MIDLAND, Texas — Scammers are back and this time they're hiding behind QR codes, those little boxes with black bars and dashes that look like barcodes.
You've probably scanned them with your phone at restaurants to bring up menus or used them to download apps.
According to the Better Business Bureau, they're getting more reports of people getting scammed because they used QR codes set up by scammers. These codes are typically sent through emails, texts or by mail.
"People are being sent codes, of course there are those instances where people can replace those QR codes posted somewhere that's a little bit more rare. But what we're seeing is that people are being sent the codes," says Katie Galan, Regional Director of the BBB.
Once you scan the code set up by the scammers, there are one of two ways to get you.
"Either it will direct you to a phishing website, which is a website that tries to get your personal information and banking information," says Galan.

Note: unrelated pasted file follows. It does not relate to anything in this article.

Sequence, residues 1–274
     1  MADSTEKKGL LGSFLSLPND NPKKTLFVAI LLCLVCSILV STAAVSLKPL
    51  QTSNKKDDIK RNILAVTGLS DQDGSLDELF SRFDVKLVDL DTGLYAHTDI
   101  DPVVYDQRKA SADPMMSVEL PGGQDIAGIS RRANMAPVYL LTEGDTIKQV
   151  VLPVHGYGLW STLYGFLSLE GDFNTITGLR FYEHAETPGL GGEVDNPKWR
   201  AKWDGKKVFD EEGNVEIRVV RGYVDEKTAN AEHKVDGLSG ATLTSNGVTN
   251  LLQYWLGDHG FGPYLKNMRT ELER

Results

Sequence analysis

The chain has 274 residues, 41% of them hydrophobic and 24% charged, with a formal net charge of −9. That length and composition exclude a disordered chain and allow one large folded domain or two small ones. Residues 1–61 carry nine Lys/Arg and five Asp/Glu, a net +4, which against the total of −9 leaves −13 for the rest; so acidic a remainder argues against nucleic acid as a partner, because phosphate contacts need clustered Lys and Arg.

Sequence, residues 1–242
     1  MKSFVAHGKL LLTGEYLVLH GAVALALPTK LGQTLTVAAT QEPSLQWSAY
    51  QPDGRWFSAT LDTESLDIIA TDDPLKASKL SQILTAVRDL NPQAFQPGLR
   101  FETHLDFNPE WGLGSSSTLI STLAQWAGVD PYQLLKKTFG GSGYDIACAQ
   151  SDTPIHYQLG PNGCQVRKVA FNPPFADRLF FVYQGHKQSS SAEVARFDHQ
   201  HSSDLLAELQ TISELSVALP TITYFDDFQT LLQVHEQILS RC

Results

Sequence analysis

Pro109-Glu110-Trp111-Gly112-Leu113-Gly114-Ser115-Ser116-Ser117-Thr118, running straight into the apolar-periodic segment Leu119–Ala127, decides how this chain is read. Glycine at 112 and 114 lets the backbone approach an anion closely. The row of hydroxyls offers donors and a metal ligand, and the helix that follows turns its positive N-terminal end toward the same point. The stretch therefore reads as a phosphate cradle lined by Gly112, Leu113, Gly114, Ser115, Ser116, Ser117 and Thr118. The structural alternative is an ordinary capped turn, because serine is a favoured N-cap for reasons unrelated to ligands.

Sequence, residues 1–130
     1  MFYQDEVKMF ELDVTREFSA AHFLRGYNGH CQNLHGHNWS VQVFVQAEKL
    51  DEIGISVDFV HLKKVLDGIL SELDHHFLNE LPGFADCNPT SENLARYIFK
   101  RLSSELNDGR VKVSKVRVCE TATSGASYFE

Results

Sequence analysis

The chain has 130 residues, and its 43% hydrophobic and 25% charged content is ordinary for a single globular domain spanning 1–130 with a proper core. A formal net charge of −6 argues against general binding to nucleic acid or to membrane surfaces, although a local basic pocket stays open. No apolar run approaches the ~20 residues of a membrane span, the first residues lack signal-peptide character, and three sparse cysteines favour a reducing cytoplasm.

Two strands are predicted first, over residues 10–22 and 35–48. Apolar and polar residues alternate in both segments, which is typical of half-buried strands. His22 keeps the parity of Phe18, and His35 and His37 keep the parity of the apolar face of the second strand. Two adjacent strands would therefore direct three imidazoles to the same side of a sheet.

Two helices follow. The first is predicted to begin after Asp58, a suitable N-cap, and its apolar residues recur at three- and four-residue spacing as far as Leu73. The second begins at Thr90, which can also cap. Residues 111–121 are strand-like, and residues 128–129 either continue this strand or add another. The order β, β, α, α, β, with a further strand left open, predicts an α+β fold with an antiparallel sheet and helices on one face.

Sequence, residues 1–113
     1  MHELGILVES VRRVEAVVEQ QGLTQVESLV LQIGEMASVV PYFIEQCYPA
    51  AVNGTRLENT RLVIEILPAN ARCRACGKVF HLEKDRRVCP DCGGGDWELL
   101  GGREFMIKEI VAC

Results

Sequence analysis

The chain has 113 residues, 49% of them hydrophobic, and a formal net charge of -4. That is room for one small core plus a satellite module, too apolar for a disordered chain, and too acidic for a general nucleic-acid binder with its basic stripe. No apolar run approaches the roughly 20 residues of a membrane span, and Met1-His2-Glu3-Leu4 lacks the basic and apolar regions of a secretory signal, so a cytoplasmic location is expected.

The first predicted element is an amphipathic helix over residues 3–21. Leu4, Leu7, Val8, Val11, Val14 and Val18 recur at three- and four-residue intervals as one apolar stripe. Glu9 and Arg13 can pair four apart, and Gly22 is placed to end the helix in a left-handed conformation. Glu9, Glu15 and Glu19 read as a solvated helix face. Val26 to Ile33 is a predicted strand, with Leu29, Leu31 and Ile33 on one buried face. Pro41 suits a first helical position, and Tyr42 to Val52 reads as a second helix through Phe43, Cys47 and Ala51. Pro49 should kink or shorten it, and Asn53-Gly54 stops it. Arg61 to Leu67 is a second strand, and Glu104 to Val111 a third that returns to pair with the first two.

The other way is through malware being installed on your device.
"It is a software that swipes your device, whether that's your phone or your laptop. It basically swipes your device and takes all personal information," she said.
Personal information like password logins, stored banking information or detailed credit card information can be stolen this way.
"I think people don't realize is all scammers need to scam is things like your full name, your date of birth, your full address and when they start getting that information, then they're able to dig a little deeper and get to the meaty stuff like your banking information," says Galan.
Make sure to be mindful and careful of what you scan, so you don't get scammed.
If you think you've may have been scammed you should either report it to the Better Business Bureau scam tracker, Federal Trade Commission or the Texas Attorney General's Office.